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Josh Marshall

Josh Marshall is editor and publisher of TalkingPointsMemo.com.

Articles by Josh

As we await the beginning of tonight's debate, let's note a gleaming irony. Sanders backers (and O'Malley's backer) have been complaining for months that the DNC kept the number of debates to a minimum and scheduled them at odd times to benefit Hillary Clinton, the most known candidate and prohibitive frontrunner, who has had and continues to have overwhelming establishment support. It's not terribly surprising that the DNC would do this, considering the desire to avoid a lengthy primary season and the near unanimous support she has enjoyed among Democratic elected officials. Doesn't mean it's fair. But it's hardly surprising.

And yet, that mild tipping of the scales now looks like it may be hurting Clinton. Clinton has done quite well in the debates - both in subjective terms (what I or other people might think) in objective terms. She's performed strongly and seen her poll numbers benefit after the debates. That means she'd probably be benefiting from even more debates. She could use a high profile debate right now in fact. But here we are with a 9pm debate on Sunday on a long holiday weekend. Other than scheduling one on New Year's Eve or 3 O'Clock in the morning, it's hard to know how you could limit viewership any more than that.

Marco Rubio says he purchased a gun on Christmas Eve to protect his family from ISIS or other attackers. I'm just going to leave it at that. Not sure more information is necessary.

When I was a small boy my dad and I would watch the great prize fights of the day. Ali v Frazier, Ali v Foreman, Ali v Spinks. Boxing is a terrible, brutal sport. But there is a beauty in watching these greats, often perfectly matched, do battle. Back during the phony war period of the Cruz/Trump confrontation I noted that we may be witnessing a comparable battle of two titans. "That," I wrote, "is one of the many things that makes the current Trump-Cruz phony war so compelling. Trump is baiting Cruz into the same smackdown he's used to eat up Bush, Walker, Fiorina and others. But Cruz won't take the bait. Like two zen masters facing off in a martial arts classic or perhaps two wizards doing battle in The Lord of the Rings, we have an epic confrontation between two masters who have trained for decades in the arts of assholery and bullying. But their powers equally matched, it is a stand off."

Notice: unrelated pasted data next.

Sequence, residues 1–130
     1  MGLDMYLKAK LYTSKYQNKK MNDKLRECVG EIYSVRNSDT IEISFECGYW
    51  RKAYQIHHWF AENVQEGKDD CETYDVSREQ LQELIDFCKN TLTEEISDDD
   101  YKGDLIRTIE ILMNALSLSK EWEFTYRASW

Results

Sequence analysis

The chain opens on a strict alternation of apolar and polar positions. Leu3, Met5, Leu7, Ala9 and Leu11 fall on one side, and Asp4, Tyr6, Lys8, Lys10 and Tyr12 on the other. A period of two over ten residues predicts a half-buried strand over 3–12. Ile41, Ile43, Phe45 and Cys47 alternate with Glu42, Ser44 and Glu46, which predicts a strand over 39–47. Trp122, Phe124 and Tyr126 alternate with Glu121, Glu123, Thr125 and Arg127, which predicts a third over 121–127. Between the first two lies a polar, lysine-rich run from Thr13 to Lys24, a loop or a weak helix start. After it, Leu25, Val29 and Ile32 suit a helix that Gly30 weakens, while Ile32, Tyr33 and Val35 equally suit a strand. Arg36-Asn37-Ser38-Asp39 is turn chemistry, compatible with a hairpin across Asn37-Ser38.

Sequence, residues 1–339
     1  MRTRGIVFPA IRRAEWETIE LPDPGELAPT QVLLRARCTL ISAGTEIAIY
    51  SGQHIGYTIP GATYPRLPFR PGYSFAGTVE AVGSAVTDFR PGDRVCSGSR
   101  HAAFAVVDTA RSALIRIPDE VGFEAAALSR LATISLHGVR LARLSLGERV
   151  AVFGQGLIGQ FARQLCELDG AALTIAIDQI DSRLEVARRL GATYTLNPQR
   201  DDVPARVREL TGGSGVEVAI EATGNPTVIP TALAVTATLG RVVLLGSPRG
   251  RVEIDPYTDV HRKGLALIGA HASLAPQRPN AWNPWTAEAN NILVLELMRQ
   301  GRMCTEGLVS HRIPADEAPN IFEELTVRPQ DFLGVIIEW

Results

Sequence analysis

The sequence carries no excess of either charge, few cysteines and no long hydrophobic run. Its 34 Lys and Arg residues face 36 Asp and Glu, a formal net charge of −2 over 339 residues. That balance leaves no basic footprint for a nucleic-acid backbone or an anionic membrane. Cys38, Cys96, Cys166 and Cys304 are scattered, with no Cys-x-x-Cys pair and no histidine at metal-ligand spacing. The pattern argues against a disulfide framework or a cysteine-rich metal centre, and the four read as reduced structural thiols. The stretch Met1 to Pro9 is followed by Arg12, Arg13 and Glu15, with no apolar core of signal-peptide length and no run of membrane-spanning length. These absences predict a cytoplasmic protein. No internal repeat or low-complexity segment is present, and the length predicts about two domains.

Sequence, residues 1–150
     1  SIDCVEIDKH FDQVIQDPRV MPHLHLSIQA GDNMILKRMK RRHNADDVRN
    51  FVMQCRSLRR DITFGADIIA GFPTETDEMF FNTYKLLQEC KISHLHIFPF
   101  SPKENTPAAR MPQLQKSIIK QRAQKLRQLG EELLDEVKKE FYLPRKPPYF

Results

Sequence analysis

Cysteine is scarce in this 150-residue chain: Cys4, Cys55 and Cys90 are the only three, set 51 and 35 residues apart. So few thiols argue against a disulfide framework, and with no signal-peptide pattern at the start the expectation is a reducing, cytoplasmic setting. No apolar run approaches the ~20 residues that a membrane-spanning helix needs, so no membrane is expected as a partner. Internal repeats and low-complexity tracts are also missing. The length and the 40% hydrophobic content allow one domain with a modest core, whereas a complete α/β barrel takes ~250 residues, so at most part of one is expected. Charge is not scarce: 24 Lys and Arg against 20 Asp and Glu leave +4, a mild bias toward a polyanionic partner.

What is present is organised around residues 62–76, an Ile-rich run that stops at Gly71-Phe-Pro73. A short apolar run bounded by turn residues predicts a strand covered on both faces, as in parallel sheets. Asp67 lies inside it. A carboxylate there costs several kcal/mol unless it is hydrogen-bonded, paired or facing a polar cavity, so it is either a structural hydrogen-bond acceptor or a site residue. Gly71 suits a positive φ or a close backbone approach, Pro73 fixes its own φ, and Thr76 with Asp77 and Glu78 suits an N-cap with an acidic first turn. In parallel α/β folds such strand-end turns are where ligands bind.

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I sense that a major shift happened over the last three or four days culminating in last night's debate, though it is all but unnoticed. It is not only clear that Donald Trump is now the odds on favorite to be the Republican nominee - GOP party regulars are increasingly comfortable or resigned to the prospect. They seem more worried about the prospect of Ted Cruz as the party nominee. Cruz isn't now the highly imperfect Stop Trump candidate. Trump is taking the role of the Stop Cruz candidate.

The first Bundy militant was arrested in Oregon today by federal officials. You're probably saying, "About time!"

But the nature of the arrest really captures the ridiculously virtual nature of the 'stand-off'. 62 year old Kenneth Medenbach had headed out from the compound to the local Safeway, presumably to stock up on milk, flour, Twizzlers, whatever. But that doesn't seem to be why he was arrested, not precisely. He was arrested not only because he was off the compound and presumably easy to arrest but because he'd taken a U.S. Fish and Wildlife Service vehicle!

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Last night I noted that Ted Cruz's blanket claim that there's zero chance that his presidential eligibility is in question is simply false. He stood behind his own expertise as a lawyer who's argued multiple cases before the Supreme Court to say that this simply is not a serious issue. Indeed, Ari Melber, the legal expert on MSNBC and an acquaintance of mine, was on the air this morning and said:

To be fair to Ted Cruz and the issue here, this is not taken that seriously in legal circles that [it] would be something that would bar him from running or being president. It's true when Donald Trump and others have repeated that this exact question has not been resolved by the federal courts, let alone the Supreme Court. So in that sense, because it is rare and an arcane sentence, it's accurate to say, we don't know for certain.

I am not in a position to be too critical of this statement because this is what I myself thought as recently as a week ago, and I said as much. But it's actually not accurate. The fact that Cruz was so definitive, so absolute, should and will force an on-going conversation, interwoven into the presidential campaign, which will show it's not true.

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This debate had a lot of drama and pyrotechnics. But debates lead to elections. And elections are zero-sum exercises. Everyone who does well must do so at someone else's expense. From that perspective, I think there were only three real players in this exercise: Trump, Cruz and Rubio. Trump wins, Cruz loses a bit of ground but not much and the clock continues to run out on Rubio.

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